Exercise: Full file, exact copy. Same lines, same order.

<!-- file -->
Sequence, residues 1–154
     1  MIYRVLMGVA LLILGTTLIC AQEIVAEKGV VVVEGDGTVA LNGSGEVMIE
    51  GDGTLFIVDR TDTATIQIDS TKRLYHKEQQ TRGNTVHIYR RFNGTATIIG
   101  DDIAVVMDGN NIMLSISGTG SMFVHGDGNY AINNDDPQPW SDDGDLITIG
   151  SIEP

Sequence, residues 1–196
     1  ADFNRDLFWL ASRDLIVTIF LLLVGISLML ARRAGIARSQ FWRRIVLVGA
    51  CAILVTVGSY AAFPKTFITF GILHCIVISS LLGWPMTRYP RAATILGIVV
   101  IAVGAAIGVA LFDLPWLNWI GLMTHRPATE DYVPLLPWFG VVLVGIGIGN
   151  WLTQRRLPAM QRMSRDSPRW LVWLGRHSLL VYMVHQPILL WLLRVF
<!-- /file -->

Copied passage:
Sequence, residues 1–154
     1  MIYRVLMGVA LLILGTTLIC AQEIVAEKGV VVVEGDGTVA LNGSGEVMIE
    51  GDGTLFIVDR TDTATIQIDS TKRLYHKEQQ TRGNTVHIYR RFNGTATIIG
   101  DDIAVVMDGN NIMLSISGTG SMFVHGDGNY AINNDDPQPW SDDGDLITIG
   151  SIEP

Sequence, residues 1–196
     1  ADFNRDLFWL ASRDLIVTIF LLLVGISLML ARRAGIARSQ FWRRIVLVGA
    51  CAILVTVGSY AAFPKTFITF GILHCIVISS LLGWPMTRYP RAATILGIVV
   101  IAVGAAIGVA LFDLPWLNWI GLMTHRPATE DYVPLLPWFG VVLVGIGIGN
   151  WLTQRRLPAM QRMSRDSPRW LVWLGRHSLL VYMVHQPILL WLLRVF